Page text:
Libraries are focusing on Research Data preservation issues too and Archaeology has a data complexity that we need to be aware of too.



  6. That sounds like a great conference. Far better than my Saturday sitting in service of the dealership watching my $#%$$ car wrack up the repair bills.

    A couple thoughts on curation, firstly the ubiquity of a computer format ensures it’s survival, for instance I have free programs which read, .doc files of various ages without issue. Likewise a jpeg or a .shp (not an EOO though) from 1990’s is still readable today, and looks to remain a standard due to inertia.

    For things like .cdr the case isn’t so clear. Aside from the Canadian government there hasn’t been a wide spread adoption of the standard. Where things really get lost is when the technology is replaced wholesale, like when computers stopped using punch cards. There are boxes and boxes of these a various institutions which are nothing more than kindling as the machines can’t read them, and even if they did there is no way to interpret the output.

    My second thought regarding curation is why not involve the first nations with the curation process? Out of all the stakeholders wouldn’t they a) have a vested interest in the curation of their own past and b) be part of the funding/storage solution?

    Having a central repository would be as much a benefit for them as for archaeologists.


  7. In my experience, First Nations are, by and large, not interested in a central repository. They want the materials stored close to hand in their communities. The Archaeology Branch has for decades had a policy (I think it is written in their AIA Guidelines back into the early 1980’s) that a suitable local repository is preferred.

    Thus, the move away from the RBCM is less to do with their capacity (strained as it is) or to do with some poorly thought out policies regarding curation of sample materials like fauna (policies that have since been reversed or modified) and more to do with greater interest in local communities for things to be kept nearby, combined with the development of a few good repositories in cultural centers or local museums.

    I know of a couple of very interesting potential research projects (one involving perishable artifacts that are likely now to have rotted away) that were scuttled because there was no suitable local repository leaving the FNs unable/unwilling to support the projects.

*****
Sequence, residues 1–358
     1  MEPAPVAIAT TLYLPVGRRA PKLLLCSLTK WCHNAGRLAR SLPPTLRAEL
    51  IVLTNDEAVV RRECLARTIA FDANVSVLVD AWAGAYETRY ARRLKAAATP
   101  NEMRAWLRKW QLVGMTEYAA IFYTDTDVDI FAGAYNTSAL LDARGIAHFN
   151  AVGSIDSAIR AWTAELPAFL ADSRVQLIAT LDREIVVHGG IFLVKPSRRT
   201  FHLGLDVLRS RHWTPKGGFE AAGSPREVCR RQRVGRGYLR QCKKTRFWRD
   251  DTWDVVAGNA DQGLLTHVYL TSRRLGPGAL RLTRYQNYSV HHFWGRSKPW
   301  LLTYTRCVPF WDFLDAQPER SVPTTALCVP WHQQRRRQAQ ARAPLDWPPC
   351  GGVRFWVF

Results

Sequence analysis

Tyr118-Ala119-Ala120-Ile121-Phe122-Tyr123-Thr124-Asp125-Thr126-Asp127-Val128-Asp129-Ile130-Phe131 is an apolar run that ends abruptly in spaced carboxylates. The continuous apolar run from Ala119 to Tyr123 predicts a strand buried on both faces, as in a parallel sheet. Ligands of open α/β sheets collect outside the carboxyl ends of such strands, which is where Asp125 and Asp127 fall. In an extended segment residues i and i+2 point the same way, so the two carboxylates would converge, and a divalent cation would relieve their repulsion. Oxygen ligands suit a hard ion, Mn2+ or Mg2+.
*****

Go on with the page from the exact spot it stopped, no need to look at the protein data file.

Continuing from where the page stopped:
Archaeological collections and data management in BC is slowly fragmenting and should be of concern to the archaeological community. Data are being stored in more and more locations, some of them totally unsuited to the task (either in their facilities, survivability as an institution, capacity of staff or accessibility of collections to researchers). FNs are often requiring, when they are in a position to do so, that data reside with them, or not reside in a central location. Reports of work from Indian Reserves are usually not sent to the Archaeology Branch and are not centrally stored anywhere else – in other words are unavailable and unknown to most of the archaeological community. Reports of work from federal lands are usually not sent to the Archaeology Branch and are not centrally stored and thus equally unknown, unless they are for Parks Canada work. Site forms from these lands are very often not sent to the Archaeology Branch, including from national Parks, and unless in Parks are not centrally stored. Who really knows what happens to the collections from the non-Park federal lands – some of it goes to museums (some of them out of province), some of it goes to FN band offices not equipped for long term storage and curation, and so on.

    This decentralization, while of some obvious benefit and political purpose, will inevitably result in more and more barriers to effective research, interpretation and resource management. Very often, knowing that there are sites near to a development (for instance sites on federal land near to a new subdivision) can inform decisions that ensure the development is captured in the AIA process. This is less likely if the data are not available. Development of regional archaeological potential models relies on these kinds of information for accuracy and precision.